It’s that time again—employment report Friday is on deck tomorrow.
What’s that mean? Well, some stock traders will probably tell you it usually means relatively tame trading the day before the report, maybe some pre-market fireworks in stock index futures right after the numbers are released at 8:30 a.m. ET, and more volatile trading the remainder of the day as the market attempts to gauge the report’s supposed bullishness or bearishness. Check out the action after the October 6 jobs number:
The real story—at least in terms of what the market does in the week after the jobs report—is a little messier. But also more interesting.
Let’s break down some numbers. Since January 2000 and through last month, 215 monthly jobs reports have hit the wire under every imaginable market condition— financial crises, recessions, bull markets, bear markets. The jobs numbers themselves have been good, bad, and surprised both up and down. Some traders anticipate strong (especially surprisingly strong) jobs reports as short-term stock market buying opportunities, while hoping to pounce on unexpectedly weak jobs numbers in the opposite direction.
Easier said than done—and maybe not even the right approach. Overall, the SPX has weakened in the first five days following these monthly jobs reports, with the first day after the report being something of a coin flip, and the next four days posting a negative average return and closing below the close of the report day more often than not.
But, you may argue, that doesn’t take into account whether the SPX closed strongly or weakly on the day of the report—something that could be interpreted as the market’s end-of-day decision on whether the report was bullish or bearish. And this is where things get more interesting.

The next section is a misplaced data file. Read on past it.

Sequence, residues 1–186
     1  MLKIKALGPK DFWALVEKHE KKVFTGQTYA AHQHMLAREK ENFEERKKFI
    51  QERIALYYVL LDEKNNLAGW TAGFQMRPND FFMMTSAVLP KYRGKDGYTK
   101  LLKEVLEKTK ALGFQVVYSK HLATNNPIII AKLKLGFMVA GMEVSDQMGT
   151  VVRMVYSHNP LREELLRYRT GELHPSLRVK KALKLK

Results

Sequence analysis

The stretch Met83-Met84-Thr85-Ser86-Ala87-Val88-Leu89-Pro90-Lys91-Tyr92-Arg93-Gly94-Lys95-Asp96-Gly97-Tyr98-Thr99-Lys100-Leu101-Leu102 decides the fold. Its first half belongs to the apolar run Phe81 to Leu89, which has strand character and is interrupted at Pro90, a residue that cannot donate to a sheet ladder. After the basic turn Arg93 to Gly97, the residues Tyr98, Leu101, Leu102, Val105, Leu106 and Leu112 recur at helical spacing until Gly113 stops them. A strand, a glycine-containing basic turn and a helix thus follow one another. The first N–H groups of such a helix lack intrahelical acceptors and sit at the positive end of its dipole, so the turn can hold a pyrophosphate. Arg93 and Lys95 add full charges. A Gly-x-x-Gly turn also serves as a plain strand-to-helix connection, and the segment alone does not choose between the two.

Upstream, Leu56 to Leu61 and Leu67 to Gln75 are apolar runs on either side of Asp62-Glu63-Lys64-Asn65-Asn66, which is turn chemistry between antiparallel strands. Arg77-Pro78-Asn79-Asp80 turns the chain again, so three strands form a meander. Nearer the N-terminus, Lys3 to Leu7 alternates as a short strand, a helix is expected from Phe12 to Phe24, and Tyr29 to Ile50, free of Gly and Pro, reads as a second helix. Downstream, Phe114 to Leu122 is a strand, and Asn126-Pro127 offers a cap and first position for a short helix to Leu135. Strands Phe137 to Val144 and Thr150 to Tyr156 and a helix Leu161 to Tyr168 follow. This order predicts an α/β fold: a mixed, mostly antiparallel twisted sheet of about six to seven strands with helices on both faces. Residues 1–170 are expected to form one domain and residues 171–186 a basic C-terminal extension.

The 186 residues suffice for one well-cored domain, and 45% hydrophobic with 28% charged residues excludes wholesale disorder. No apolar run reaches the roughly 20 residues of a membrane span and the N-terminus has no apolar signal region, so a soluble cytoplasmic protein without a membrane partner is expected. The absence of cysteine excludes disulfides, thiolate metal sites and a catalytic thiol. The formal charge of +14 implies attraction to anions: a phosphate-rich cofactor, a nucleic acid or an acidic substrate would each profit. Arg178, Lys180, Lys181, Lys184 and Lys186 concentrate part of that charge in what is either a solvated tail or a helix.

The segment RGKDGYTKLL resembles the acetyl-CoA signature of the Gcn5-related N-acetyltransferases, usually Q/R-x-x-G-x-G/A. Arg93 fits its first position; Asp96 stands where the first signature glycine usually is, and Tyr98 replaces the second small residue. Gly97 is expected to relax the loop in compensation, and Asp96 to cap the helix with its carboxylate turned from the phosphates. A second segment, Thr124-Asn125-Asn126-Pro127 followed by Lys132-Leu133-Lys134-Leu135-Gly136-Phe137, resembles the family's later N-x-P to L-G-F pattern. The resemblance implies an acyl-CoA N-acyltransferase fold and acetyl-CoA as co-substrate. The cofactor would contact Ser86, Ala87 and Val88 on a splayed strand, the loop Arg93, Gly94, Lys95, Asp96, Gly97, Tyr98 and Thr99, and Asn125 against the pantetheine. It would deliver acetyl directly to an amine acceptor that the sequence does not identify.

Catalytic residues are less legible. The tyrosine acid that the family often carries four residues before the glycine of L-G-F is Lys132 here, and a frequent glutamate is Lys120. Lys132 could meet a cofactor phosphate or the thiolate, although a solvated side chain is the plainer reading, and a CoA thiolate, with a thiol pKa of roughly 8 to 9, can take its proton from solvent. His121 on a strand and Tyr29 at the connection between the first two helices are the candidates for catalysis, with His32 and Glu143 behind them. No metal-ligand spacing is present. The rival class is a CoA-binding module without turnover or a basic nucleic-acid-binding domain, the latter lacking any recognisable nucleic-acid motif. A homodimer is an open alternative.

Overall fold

For simplicity, let’s say a strong SPX close on report day is one where the index closes in the top 20% of the day’s range, while a weak close is one where it closes in the bottom 20% of its range. Since 2000 there have been 77 strong-closing jobs report days and 41 weak-closing jobs report days. The following chart shows the S&P 500’s median return from the close of the report day to the closes of the next five days after both types of day.
Source: E*TRADE (data)
●After the strong-closing report days, the SPX put in its weakest overall performance in the first two days after the report, with typically negative returns and closing lower (that is, below the close of the report day) nearly 60% of the time. By day 4, the return was positive, and the odds of a higher close were at least above 50%. So, marginally bullish, and not right away.
●The most consistent—and seemingly commonsense—result was the SPX’s performance after weak-closing jobs report days. The index was trading below the close of the report day 56-60% of the time two to five days after the report, with a -0.27% median return at day 5. The first day after the report was—you guessed it—the wild card: The SPX actually closed up 66% of the time.
These are the kinds of contrary moves that can trip up traders looking for clear-cut—and logical—market moves tied to economic releases.
How the market closes the day of the jobs report may provide some clues about upcoming market direction, but there can be misleading moves before the trend shakes out. Bottom line: Keep your head up, and your wits about you.